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Cronkite freshman aspires to be voice of his generation

September 16, 2013

Editor's Note: This story is part of an ongoing series about student excellence at the university. To read more about some of ASU's outstanding students, click here.

Aaron Atchison is one of the 10,149 academically distinguished students who joined Arizona State University this year as part of its 2013 fall incoming freshman class. The 18-year-old Chicago native joined the Walter Cronkite School of Journalism and Mass Communication to answer his true calling: storytelling.

Atchison got his start in his senior year of high school when a chance meeting with Linda Lutton, an education reporter at Chicago’s public radio station WBEZ, led to his first internship this past summer.

As the station’s first high school intern, he worked under Lutton’s mentorship, recording sound for stories and programs at school policy events and Chicago Public School budget hearings, and even helping her break news. Atchison also participated in an on-air panel discussion regarding racial profiling of young African-American youth, especially males, in Chicago.

“Aaron showed tremendous initiative and a strong interest in journalism during his time at the radio station,” Lutton said during a phone conversation. “We wanted a young person who could be representative of the challenges and emotions students experience when they are transitioning from school to college. He proved to be that voice.”

As part of his public radio internship, Atchison also produced a feature called In their own words: Fear of freshman year. The radio story focused on the anxieties, excitement and dreams of college-bound high school students ready to embark on perhaps their greatest adventure yet.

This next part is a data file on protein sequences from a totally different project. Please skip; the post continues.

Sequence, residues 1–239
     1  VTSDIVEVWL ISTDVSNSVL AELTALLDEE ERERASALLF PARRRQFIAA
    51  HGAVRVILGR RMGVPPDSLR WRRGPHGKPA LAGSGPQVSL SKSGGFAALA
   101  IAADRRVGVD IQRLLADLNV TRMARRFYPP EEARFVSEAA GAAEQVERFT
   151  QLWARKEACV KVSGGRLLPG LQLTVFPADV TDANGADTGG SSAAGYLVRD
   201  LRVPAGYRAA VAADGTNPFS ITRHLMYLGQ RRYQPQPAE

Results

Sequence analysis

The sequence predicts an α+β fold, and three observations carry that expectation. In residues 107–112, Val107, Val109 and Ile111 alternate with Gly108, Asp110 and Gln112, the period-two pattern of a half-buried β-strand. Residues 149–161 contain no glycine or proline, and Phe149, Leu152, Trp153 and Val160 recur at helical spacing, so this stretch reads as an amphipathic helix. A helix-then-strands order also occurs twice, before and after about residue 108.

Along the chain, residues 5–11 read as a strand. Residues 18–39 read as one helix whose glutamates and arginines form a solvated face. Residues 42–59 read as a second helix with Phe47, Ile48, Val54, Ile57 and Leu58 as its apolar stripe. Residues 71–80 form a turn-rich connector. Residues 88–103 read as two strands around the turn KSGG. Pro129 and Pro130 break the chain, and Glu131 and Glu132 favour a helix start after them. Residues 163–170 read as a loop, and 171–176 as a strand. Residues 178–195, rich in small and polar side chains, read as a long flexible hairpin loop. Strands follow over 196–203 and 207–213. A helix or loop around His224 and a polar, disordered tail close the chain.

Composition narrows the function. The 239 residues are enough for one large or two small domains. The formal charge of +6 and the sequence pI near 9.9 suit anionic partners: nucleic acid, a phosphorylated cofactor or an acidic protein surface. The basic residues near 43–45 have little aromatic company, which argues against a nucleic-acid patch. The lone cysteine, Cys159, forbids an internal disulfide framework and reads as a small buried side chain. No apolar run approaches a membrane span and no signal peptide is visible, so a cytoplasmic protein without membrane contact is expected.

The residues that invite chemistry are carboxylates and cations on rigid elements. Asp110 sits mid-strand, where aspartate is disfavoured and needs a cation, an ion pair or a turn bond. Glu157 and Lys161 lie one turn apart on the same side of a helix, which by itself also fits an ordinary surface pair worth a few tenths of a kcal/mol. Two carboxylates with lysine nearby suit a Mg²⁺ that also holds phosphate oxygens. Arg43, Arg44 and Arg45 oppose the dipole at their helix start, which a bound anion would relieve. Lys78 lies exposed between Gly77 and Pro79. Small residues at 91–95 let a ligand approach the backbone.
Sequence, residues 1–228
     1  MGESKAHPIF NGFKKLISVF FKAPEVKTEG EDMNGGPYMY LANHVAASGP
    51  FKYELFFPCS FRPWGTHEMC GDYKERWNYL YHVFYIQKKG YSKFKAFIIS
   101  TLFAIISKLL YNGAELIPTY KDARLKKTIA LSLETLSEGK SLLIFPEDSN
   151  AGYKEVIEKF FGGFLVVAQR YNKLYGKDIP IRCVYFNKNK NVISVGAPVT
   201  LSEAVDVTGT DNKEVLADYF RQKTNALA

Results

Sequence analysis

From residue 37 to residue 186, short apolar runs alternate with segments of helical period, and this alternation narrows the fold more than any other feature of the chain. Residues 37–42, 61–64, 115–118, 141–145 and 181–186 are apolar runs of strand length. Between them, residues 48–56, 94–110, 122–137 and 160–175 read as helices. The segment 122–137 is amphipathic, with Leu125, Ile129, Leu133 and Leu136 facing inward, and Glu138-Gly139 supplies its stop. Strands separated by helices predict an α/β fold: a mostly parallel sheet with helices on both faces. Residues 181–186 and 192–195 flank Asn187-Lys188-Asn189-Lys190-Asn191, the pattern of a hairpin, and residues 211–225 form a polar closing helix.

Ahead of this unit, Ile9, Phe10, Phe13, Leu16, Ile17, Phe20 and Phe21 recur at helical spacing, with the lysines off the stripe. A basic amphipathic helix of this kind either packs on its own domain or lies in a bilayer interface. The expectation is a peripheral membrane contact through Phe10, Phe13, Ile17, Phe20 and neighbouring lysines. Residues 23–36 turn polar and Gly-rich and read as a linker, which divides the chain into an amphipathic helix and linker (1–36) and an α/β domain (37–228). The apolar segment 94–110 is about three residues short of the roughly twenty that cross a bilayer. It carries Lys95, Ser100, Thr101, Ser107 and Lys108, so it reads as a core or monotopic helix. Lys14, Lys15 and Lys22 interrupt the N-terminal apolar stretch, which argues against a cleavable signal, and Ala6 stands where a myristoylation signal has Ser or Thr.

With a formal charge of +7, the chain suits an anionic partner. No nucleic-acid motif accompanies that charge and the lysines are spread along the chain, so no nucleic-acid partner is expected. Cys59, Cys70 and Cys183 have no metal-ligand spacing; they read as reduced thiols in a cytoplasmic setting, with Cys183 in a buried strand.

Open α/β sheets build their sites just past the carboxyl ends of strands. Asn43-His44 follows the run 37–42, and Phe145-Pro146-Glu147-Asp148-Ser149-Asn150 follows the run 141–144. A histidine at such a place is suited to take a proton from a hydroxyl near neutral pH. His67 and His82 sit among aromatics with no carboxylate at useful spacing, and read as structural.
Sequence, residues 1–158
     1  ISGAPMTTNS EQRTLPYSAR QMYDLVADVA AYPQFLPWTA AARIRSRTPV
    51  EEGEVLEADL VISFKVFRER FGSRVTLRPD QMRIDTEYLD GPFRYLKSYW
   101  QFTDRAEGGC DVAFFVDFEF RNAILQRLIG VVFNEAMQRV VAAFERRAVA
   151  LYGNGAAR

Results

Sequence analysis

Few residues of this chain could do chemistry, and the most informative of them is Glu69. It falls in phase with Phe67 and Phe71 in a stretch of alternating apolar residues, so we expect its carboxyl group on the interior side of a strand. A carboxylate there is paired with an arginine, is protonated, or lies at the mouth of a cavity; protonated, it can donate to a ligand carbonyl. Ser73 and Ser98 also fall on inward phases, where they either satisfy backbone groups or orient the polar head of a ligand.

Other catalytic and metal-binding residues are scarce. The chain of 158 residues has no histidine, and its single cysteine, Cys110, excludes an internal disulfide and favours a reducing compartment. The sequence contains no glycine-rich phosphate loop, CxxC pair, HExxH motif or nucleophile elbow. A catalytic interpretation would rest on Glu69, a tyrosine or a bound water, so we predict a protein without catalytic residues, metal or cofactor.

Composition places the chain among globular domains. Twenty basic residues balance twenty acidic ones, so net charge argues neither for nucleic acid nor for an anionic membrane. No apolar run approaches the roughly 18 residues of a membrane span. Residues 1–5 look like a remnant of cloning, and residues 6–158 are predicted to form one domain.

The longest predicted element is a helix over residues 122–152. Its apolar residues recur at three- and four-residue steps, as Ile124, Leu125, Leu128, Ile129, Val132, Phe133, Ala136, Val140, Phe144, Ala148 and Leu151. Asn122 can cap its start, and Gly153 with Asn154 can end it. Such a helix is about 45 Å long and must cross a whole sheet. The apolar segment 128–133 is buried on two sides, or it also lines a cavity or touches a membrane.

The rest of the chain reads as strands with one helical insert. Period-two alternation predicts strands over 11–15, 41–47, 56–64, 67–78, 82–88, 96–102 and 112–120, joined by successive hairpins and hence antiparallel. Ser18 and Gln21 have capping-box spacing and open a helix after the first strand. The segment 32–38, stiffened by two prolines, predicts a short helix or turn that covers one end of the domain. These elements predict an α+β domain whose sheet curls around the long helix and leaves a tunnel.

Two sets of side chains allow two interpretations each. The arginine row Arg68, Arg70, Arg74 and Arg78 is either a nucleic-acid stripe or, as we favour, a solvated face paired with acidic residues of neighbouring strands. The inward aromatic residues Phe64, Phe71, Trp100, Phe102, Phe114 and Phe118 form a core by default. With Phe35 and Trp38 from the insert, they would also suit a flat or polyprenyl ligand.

“It took about a month to produce, and blood, sweat and tears were involved,” he says, laughing. “It was stressful but a great learning process.”

And Atchison will continue to scale that learning curve during his time as a student at Cronkite, one of the top three journalism schools in the nation.

“I applied only to ASU and the University of Missouri,” he says. “I ultimately chose Cronkite because of its excellent reputation, faculty and opportunities. Also, Walter Cronkite is known for ethical journalism. I hope to model my career after him.”

Even though he misses family, Atchison loves being in sunny Arizona and on ASU’s Downtown Phoenix campus.

“I look forward to gaining new experiences, understanding everyone’s point of view on different issues and working on my biases,” he says. “I also wish to study abroad and visit maybe Norway or Sweden.”

The journalism freshman hopes to translate his penchant for storytelling into creating documentaries on social issues for a living.

Every turn in a conversation with Atchison reveals layers of maturity, drive and awareness – self and outward – that surpass his age.

“I don’t like to fool around with time because time is money,” he says. “I want to have fun but I’m here to figure out what my purpose is.”

Atchison says his mother’s struggle and determination to provide her four children with a good education and deep roots have shaped his perspective on life. Growing up in Chicago also has played a part.

“Chicago still needs to overcome many of its challenges related to economic, social and racial status,” he says. “Just observing these differences inspires me to draw attention to them and tell stories that are not usually heard.”

And this sense of responsibility toward others is why, according to Lutton, Atchison stands out in the crowd.

“Aaron is ambitious, dedicated to the craft of journalism, a great person and has a genuine awareness and concern for social conditions – even those outside of his social sphere and experiences,” Lutton said. “At this age, most young people are looking inwards but Aaron looks outwards, around him, to find compelling stories and address issues. That is remarkable for someone his age.”